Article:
The City Market eventually found itself renovated into the home of the police and fire department headquarters.









And what is it, aside from that purplish brick, that makes the old city market so noteworthy? This building, in 1925 in Southern Appalachia, mind you, was designed and built by a black man. A plaque in the sidewalk tells the tale, while his artistry endures today.



Elsewhere in Roger Maguire Green...













The Splasheville Fountain, a cheerful oasis of frivolity against all those lawyers and bureaucrats, defendants and witnesses, and people come to be eaten alive by the city development permitting process scuttling to and fro between the courthouse and the city building.



















Before...



...and after.







Vines have been trained to grow up the columns.











Here's a vision of what might have been. Art Deco overload!



The plaque explains...





Now, on a more sober note, off in one corner of Roger Maguire Green is the Western North Carolina Veterans Memorial. It may be the only one of its kind in the country, in that it honors not only the veterans, but also the people they left behind at home.





The woman, representative of everyone a veteran ever left behind, holds a letter in her hand.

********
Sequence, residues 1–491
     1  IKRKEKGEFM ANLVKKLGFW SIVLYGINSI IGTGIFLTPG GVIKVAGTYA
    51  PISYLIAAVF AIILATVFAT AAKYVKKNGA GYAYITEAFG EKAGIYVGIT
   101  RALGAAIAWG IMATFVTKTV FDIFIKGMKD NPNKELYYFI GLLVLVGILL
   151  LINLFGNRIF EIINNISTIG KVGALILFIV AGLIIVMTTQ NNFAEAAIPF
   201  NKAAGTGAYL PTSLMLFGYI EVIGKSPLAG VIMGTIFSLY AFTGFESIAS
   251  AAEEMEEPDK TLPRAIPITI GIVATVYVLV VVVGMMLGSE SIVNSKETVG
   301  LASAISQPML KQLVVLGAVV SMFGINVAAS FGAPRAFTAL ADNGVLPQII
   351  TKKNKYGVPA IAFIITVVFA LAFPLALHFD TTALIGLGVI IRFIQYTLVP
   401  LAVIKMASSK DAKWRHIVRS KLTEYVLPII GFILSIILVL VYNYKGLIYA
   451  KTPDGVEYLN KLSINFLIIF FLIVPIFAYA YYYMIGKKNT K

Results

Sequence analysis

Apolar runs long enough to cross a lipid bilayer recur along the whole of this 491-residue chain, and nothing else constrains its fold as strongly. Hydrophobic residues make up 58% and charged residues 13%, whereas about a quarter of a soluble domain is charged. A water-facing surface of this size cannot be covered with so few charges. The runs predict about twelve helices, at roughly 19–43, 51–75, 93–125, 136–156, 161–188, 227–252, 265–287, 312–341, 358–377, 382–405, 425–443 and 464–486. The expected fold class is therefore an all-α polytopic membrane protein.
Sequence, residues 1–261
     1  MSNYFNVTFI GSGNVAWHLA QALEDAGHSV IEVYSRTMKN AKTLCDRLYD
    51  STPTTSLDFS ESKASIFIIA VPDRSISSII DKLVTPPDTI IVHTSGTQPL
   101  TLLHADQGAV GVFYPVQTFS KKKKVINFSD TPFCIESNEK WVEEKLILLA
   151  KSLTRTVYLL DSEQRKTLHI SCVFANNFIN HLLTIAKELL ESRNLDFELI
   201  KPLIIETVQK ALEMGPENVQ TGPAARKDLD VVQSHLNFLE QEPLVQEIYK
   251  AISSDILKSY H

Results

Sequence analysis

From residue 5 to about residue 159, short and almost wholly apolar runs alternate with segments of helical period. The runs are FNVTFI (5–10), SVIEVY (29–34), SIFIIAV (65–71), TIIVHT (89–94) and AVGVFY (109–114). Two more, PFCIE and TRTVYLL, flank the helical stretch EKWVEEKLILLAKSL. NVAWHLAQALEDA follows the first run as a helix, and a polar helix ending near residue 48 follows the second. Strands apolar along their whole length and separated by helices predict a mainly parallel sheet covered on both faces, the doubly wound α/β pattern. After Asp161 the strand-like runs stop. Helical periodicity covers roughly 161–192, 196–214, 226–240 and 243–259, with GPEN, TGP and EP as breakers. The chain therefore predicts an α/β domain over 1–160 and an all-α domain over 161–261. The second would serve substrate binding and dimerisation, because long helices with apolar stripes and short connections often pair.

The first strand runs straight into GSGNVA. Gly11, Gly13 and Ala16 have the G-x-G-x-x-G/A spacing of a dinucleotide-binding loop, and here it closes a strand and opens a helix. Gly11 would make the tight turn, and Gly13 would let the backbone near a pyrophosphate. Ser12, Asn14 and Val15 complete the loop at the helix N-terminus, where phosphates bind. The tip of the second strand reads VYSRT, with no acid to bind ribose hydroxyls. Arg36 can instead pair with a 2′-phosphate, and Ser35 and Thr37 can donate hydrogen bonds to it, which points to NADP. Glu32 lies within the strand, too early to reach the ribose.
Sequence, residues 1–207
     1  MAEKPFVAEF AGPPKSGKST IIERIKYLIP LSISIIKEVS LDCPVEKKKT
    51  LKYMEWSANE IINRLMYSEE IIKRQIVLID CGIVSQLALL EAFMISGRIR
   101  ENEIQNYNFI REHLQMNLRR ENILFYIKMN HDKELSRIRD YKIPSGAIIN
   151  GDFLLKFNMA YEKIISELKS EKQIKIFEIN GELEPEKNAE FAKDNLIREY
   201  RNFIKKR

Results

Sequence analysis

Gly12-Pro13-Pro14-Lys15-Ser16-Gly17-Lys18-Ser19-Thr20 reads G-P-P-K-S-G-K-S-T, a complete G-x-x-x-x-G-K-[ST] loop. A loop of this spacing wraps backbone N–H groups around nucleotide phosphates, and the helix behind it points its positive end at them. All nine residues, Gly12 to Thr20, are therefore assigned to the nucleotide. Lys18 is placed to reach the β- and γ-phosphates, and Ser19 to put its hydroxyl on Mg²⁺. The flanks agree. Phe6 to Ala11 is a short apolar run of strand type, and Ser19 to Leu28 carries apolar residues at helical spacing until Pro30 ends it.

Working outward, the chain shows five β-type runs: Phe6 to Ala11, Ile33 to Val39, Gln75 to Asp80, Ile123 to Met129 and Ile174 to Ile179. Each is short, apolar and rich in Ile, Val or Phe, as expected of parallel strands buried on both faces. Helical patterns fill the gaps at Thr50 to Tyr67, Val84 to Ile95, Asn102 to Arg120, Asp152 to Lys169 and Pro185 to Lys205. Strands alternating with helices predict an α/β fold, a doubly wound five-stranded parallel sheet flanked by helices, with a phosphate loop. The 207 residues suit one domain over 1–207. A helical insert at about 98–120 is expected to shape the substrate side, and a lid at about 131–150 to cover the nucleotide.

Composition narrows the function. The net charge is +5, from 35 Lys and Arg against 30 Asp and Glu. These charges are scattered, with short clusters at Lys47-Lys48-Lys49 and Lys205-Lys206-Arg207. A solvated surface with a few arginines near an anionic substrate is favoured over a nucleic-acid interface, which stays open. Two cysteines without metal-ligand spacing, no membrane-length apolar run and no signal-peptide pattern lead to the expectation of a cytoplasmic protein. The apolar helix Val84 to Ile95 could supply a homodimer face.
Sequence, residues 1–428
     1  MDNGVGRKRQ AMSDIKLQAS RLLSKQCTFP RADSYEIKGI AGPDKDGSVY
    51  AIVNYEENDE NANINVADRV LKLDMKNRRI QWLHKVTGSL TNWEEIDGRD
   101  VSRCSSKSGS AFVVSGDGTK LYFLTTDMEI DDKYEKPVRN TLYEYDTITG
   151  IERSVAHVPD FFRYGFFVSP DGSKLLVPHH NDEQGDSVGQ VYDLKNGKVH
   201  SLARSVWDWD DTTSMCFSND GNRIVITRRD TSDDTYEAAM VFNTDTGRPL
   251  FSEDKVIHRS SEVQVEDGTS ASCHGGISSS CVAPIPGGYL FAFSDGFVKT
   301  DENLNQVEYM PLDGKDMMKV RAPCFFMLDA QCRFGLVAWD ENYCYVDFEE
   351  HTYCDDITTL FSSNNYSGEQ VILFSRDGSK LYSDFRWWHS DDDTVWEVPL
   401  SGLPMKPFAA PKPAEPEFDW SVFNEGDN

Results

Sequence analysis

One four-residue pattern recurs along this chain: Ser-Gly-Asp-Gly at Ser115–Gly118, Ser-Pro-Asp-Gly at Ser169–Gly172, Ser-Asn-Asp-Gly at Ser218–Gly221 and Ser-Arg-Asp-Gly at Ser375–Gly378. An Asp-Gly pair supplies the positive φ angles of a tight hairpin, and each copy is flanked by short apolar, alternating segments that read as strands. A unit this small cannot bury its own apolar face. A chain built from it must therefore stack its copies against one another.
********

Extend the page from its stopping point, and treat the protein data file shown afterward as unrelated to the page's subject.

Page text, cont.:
The Homeland, Western North Carolina, USA..



Miss you always. Love...













To end on a lighter note, we head back up through the green, back behind the Jackson Building to this small courtyard in the Pack Place complex.

This rhinoceros once attacked and ate a skyscraperpage forumer visiting Asheville from Colorado.



Meanwhile, a fountain played merrily nearby.





The rhinoceros, its bloodlust never to be sated, eyes me hungrily.



The end.
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Old July 4th, 2010, 08:16 AM   #2
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A lovely tour of a place I have never seen before! Well done....
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Old July 5th, 2010, 11:36 AM   #3
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Indeed interesting and very nice presentation and photos tour
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Old July 5th, 2010, 05:58 PM   #4
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I cant see any of these photos.
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Old July 6th, 2010, 01:50 AM   #5
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Quote:
Originally Posted by Medaart View Post
I cant see any of these photos.
He needs to upgrade to Pro today!
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Old July 6th, 2010, 01:56 AM   #6
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shame - i guess we have to wait till next month to see em
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Old July 7th, 2010, 06:07 AM   #7
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You should use something like Flickr as your image hoster. It doesn't have a band width limit like Photobucket does so you can post as many pics as you like.
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Old July 8th, 2010, 02:30 PM   #8
hauntedheadnc
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Okay... That fixes that. Hope there's still a little interest in this thread now that the pics are back online.